As it is, it still stands as one of the better ones, in part because of how tightly-structured it is, and in part because of how it serves as the end of the disconnected, narratively-meandering status of the X-books - kept apart for far too long, with Uncanny in particular a narrative mess as a result of the episodic "non-team era", "X-Tinction Agenda" marks the return of a more cohesive X-universe, in which the series are more likely to interact with one another, which lead directly into the linewide revamp of 1991. But "X-Tinction Agenda" also stands out because, like the original X-Men crossover, "Mutant Massacre", it's built on one of the chief thematic elements of the X-Men narrative.
Genosha has since its inception been a metaphor about the evils of institutionalized intolerance, while Hodge is the personification of prejudice and bigotry towards anyone labeled an "other", unflinching in his views, unable to be defeated by simple violence: his body is destroyed, the Genoshan citadel reduced to rubble, but somewhere inside, that mangled up head of Hodge survives, a symbol of the rotten ideas still lurking in the core of Genosha, unable to be destroyed by physical violence just as bigotry can't be punched to death. "X-Tinction Agenda" holds up, not just because it's well-constructed and features some great Jim Lee art, not just because it signals something of a return to a more traditional narrative status quo for the X-books, but because it puts center stage the core themes that lie at the heart of the X-Men.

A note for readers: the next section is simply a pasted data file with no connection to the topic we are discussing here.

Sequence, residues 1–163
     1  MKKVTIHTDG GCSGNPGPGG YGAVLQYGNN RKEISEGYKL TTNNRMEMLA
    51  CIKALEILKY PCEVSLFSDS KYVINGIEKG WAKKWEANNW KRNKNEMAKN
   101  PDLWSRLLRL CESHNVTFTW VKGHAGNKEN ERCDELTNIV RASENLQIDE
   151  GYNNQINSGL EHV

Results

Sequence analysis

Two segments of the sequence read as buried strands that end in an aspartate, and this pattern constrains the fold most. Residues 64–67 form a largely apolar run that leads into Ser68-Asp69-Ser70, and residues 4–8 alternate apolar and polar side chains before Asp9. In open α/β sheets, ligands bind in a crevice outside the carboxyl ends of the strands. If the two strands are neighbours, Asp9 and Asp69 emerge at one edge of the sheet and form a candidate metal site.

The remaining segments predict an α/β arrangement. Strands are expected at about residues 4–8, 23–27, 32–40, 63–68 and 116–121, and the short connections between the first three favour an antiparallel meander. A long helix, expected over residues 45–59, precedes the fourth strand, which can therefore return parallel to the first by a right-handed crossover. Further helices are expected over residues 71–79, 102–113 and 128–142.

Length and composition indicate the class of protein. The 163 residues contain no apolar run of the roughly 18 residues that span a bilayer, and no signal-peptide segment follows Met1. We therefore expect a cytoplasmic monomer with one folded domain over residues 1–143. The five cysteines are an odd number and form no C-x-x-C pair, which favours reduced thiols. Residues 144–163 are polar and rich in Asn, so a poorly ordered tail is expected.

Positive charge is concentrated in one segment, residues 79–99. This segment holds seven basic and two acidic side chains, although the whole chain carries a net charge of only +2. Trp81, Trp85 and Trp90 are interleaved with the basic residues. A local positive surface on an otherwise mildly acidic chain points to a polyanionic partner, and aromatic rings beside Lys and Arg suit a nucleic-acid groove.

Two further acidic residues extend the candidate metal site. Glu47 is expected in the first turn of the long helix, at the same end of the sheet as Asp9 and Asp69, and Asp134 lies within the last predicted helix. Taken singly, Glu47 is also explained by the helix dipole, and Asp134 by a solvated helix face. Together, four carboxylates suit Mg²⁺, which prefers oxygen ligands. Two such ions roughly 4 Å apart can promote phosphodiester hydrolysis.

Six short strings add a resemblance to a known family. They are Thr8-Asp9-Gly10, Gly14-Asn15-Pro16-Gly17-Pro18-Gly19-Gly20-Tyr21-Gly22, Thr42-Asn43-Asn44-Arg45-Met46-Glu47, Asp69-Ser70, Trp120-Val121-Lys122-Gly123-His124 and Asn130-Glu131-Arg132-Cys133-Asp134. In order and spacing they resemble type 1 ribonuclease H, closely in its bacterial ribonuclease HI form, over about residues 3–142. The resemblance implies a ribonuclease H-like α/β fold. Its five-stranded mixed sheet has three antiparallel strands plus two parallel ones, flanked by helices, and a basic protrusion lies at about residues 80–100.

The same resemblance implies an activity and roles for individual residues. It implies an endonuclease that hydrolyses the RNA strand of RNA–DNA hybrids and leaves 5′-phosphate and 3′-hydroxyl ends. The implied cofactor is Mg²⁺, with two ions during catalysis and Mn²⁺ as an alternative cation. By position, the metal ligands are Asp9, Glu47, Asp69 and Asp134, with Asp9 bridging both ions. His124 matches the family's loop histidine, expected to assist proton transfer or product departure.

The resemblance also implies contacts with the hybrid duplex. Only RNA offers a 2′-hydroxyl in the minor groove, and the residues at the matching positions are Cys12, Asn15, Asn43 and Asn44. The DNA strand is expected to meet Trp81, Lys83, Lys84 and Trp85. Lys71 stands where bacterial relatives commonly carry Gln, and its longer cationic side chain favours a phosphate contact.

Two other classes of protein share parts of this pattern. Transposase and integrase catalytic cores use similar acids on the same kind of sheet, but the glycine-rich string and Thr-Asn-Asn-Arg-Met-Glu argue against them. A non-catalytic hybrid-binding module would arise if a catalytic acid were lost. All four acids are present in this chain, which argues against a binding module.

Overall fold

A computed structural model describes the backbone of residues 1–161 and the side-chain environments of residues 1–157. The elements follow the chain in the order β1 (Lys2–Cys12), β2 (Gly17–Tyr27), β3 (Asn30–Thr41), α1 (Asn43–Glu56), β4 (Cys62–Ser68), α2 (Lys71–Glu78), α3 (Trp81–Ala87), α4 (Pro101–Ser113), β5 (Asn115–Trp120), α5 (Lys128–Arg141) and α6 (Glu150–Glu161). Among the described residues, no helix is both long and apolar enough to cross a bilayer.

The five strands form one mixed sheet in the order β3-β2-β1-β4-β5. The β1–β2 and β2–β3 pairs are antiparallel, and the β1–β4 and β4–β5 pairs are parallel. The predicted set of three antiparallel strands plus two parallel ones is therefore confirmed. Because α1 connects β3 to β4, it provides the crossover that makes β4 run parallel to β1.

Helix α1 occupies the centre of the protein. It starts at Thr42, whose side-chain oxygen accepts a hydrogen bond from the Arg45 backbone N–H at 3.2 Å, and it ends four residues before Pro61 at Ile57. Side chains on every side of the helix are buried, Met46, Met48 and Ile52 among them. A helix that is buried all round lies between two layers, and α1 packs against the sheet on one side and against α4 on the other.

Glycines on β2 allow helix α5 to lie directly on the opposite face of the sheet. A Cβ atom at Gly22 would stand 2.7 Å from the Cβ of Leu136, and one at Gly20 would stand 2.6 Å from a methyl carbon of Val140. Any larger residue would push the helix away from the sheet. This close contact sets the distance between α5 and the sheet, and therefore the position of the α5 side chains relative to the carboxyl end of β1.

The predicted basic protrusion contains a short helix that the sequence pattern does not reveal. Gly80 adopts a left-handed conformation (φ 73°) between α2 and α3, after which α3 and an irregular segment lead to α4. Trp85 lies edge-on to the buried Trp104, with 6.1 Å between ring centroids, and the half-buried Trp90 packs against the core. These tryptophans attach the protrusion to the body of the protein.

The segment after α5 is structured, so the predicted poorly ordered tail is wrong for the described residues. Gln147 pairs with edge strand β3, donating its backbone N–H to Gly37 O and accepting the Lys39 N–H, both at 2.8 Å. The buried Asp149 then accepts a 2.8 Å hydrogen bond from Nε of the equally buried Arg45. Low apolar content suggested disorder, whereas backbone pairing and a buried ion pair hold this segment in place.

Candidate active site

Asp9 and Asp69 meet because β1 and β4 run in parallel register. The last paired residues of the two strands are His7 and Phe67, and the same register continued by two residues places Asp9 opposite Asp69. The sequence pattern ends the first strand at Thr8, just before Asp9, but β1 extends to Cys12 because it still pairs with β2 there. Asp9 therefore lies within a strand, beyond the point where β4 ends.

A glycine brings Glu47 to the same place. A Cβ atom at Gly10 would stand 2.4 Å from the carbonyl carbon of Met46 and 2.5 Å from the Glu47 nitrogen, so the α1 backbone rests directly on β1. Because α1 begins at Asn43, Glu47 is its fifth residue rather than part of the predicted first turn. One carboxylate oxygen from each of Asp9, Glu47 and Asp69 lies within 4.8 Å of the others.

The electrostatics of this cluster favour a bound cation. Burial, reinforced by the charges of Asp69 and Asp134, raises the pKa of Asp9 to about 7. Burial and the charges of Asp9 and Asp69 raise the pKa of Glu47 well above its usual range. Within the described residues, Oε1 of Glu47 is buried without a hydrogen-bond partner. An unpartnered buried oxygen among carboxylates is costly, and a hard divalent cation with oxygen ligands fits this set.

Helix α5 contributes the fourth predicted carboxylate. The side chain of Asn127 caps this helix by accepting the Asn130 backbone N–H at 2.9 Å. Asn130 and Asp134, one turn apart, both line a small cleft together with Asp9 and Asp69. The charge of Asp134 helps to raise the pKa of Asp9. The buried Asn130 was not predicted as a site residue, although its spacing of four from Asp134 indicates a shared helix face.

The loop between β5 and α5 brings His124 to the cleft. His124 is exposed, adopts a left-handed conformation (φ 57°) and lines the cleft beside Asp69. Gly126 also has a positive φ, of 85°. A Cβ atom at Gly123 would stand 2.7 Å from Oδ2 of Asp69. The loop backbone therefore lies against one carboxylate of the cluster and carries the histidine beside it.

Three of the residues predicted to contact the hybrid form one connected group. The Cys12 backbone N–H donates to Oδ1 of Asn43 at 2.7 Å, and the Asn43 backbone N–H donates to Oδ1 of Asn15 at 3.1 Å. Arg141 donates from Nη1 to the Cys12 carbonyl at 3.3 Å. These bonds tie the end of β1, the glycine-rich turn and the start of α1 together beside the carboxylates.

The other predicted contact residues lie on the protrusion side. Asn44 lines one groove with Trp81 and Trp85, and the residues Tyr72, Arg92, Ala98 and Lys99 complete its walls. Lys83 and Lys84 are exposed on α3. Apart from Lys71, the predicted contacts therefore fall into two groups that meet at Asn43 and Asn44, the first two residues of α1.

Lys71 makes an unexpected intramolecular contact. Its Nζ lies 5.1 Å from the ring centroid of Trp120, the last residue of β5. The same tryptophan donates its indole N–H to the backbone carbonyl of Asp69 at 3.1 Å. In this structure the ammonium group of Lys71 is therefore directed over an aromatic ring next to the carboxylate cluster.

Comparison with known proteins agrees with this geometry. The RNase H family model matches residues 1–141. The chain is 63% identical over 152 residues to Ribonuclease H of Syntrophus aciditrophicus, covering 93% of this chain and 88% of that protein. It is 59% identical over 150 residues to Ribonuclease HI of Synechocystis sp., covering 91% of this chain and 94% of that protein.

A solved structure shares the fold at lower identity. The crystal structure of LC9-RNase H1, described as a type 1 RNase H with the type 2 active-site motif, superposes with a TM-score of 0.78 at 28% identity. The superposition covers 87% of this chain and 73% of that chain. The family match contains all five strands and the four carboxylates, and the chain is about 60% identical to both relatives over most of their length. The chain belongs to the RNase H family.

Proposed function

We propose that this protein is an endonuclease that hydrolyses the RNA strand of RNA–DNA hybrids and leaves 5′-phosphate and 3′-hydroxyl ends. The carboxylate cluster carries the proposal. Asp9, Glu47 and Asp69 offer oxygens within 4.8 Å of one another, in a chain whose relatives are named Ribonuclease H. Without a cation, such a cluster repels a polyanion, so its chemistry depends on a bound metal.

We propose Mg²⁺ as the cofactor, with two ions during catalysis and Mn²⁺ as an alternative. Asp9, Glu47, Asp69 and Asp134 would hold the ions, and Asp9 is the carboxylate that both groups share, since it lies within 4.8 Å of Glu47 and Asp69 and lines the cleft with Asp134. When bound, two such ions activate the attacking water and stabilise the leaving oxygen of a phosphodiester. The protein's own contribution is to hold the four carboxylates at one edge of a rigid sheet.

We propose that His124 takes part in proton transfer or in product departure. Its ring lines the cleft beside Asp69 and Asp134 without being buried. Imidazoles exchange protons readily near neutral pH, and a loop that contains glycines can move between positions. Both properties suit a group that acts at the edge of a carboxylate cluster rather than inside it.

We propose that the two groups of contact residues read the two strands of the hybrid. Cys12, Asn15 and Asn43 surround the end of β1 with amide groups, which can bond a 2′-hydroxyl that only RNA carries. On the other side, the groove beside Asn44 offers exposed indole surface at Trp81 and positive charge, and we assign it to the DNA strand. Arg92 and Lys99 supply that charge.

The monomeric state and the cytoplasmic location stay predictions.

Next week: Wolverine - Bloodlust, Excalibur #33 and Wolverine #35.